Threats Looming Over Sport and Fair Play
The main threat looming over Fair Play is to be found in the excessive importance currently ascribed to victory, since victory is viewed as a source of prestige for the athlete, the club or the organisation and country he/she represents. While competing to win is the core of sports contests, being over concerned with victory leads the participants to increasingly break the rules. Spurred on by excited and fanatic masses, they challenge and disregard the referee’s authority. For fear of failure, they go as far as considering their opponents as enemies to be dealt with and sometimes, with the aid of officials and coaches, they resort to unfair methods in order to reach their goals.

The Athletes’ Responsibility
Athletes play a crucial role in safeguarding and promoting Fair Play principles. Regardless of the contribution other parties may give to sustaining Fair Play, it is the athletes who eventually make a competition fair or unfair. Foremost, they set an example. By consistently complying with the rules, displaying a genuine competitive spirit, consistently and totally respecting the referee, team mates, opponents and spectators, they have the power to extol the meaning of Fair Play.
They strive for victory, but not at any cost through cheating, foul play, the abuse of stimulants or other prohibited substances. They do not challenge the referee's decision, nor do they encourage anyone, especially spectators, to do so. They accept victory or defeat with composure and will always make their best effort. However, because of TV coverage and with masses of fans adoring them, champions can have a strong impact. By displaying an exemplary conduct, champions can therefore rely on a privileged position to persuade other sportspeople to compete loyally, with special emphasis on young athletes. Unfortunately, by showing contempt for rules and a so-what attitude towards the others, champions can by the same token encourage them to disregard any and every rule.

The Sports Organisations’ Responsibility
The need to organise different types of sports competitions and take care of the training and coaching of referees, coaches and athletes has resulted in sports organisations being established.
Over the years, an extensive and complex array of gymnasia governed by regional, national and international organisations have been set up to meet an increasing sport activity demand. These organisations, who often represent the sovereign authority, are therefore extremely powerful. Yet, important responsibilities, including Fair Play, underlie such a power.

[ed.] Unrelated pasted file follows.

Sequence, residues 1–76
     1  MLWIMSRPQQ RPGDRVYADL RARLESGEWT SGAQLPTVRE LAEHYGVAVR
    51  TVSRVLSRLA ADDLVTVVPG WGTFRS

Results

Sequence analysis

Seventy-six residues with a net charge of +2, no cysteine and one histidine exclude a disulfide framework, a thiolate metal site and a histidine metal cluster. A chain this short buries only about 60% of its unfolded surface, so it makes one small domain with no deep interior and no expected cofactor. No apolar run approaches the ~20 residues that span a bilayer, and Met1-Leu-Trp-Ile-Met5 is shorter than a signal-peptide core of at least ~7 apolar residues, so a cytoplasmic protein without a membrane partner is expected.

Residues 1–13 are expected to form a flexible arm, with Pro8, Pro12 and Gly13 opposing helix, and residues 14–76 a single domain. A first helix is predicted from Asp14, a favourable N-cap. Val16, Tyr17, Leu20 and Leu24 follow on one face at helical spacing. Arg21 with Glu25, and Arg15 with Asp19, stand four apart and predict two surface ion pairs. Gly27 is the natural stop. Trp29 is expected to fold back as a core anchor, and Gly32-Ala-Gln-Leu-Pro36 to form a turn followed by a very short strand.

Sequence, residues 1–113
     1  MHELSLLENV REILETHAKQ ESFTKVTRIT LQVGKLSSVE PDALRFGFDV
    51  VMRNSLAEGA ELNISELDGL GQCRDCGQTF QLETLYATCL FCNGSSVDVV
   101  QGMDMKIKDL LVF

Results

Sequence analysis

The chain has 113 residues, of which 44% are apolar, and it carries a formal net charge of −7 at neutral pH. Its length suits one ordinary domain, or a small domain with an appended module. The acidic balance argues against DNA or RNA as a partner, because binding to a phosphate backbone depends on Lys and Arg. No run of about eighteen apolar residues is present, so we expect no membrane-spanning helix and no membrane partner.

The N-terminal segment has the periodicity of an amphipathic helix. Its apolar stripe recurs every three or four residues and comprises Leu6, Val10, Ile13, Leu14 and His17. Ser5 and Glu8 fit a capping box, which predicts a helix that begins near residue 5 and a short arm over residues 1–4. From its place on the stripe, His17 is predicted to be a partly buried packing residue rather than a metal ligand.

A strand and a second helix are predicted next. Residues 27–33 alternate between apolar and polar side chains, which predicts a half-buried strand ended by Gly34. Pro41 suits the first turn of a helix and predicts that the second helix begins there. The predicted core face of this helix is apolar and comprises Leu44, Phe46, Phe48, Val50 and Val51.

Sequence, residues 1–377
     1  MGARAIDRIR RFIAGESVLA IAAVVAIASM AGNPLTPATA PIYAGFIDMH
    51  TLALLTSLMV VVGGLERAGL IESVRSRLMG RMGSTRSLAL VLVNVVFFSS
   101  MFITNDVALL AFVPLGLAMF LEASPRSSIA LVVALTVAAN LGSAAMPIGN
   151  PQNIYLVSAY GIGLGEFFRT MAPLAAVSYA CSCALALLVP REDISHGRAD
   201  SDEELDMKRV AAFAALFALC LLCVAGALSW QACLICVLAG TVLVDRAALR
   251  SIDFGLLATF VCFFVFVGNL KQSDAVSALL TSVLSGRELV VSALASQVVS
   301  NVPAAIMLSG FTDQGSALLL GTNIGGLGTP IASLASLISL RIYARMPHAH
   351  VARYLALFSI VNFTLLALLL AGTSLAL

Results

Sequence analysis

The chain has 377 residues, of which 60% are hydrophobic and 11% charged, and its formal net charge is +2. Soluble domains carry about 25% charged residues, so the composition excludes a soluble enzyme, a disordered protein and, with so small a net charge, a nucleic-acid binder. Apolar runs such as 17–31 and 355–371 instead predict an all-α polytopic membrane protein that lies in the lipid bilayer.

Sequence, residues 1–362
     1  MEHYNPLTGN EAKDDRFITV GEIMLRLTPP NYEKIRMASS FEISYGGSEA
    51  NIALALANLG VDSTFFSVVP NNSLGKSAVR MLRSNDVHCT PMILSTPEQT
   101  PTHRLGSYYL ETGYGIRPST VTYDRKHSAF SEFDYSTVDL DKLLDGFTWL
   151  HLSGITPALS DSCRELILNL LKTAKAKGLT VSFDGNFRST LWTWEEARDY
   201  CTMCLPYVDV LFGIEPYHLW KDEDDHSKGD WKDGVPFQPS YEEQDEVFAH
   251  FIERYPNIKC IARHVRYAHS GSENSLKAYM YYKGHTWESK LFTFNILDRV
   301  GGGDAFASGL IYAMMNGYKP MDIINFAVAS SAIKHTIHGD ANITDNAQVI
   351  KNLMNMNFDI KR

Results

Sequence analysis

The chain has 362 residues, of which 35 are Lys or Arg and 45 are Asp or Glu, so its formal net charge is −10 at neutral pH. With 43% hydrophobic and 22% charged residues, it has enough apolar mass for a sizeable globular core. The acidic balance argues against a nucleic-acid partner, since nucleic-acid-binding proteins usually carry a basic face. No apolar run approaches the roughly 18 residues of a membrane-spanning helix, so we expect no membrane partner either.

Sports organisations are not anonymous bureaucratic entities: their voluntary as well as remunerated members are often disinterested individuals who have retired from competitive sport. They have grown an affection for sport, generally developed during their outstanding sports careers, and they inevitably identify with the clubs that their organisations represent.
As a result, they must not allow their fondness for their respective societies to overshadow the notion of Fair Play. Sports organisations are thus called upon to clearly define sports behaviour ethics through rules and regulations and ensure that these are thoroughly observed. To this end, they should consider using any means to promote the Fair Play ideal and, more importantly, educate the athletes to concretely observe such ideal.
These organisations portray the image of sport and have a special responsibility, as they must safeguard dignity through a cautious, yet proper, use of authority. It is essential that they act firmly against any foul play, violence, anything that jeopardises Fair Play and seriously harms an organisation’s reputation.
Champions are subject to strong pressure to win, as victory brings prestige not only to the athlete but to the club and his/her coach, including tangible benefits. Since the champions’ conduct and reactions can have a significant impact, it is essential that they, more than anybody else, look at Fair Play as a guiding principle.

The Coaches’ and Trainers’ Responsibility
Coaches are responsible to the extent that the spirit and conduct of an athlete often mirror the degree of his/her coach’s belief in Fair Play. Coaches greatly influence the formation of a competitor’s character, especially in young athletes, as they are more easily influenced.
Inevitably, the tight bond uniting the athlete to his/her coach due to learning needs leads the former to be influenced by the latter’s conduct and ethic values. Usually, we are led to believe that a coach’s task is to take care of an athlete’s skills and physical training. A completely wrong assumption.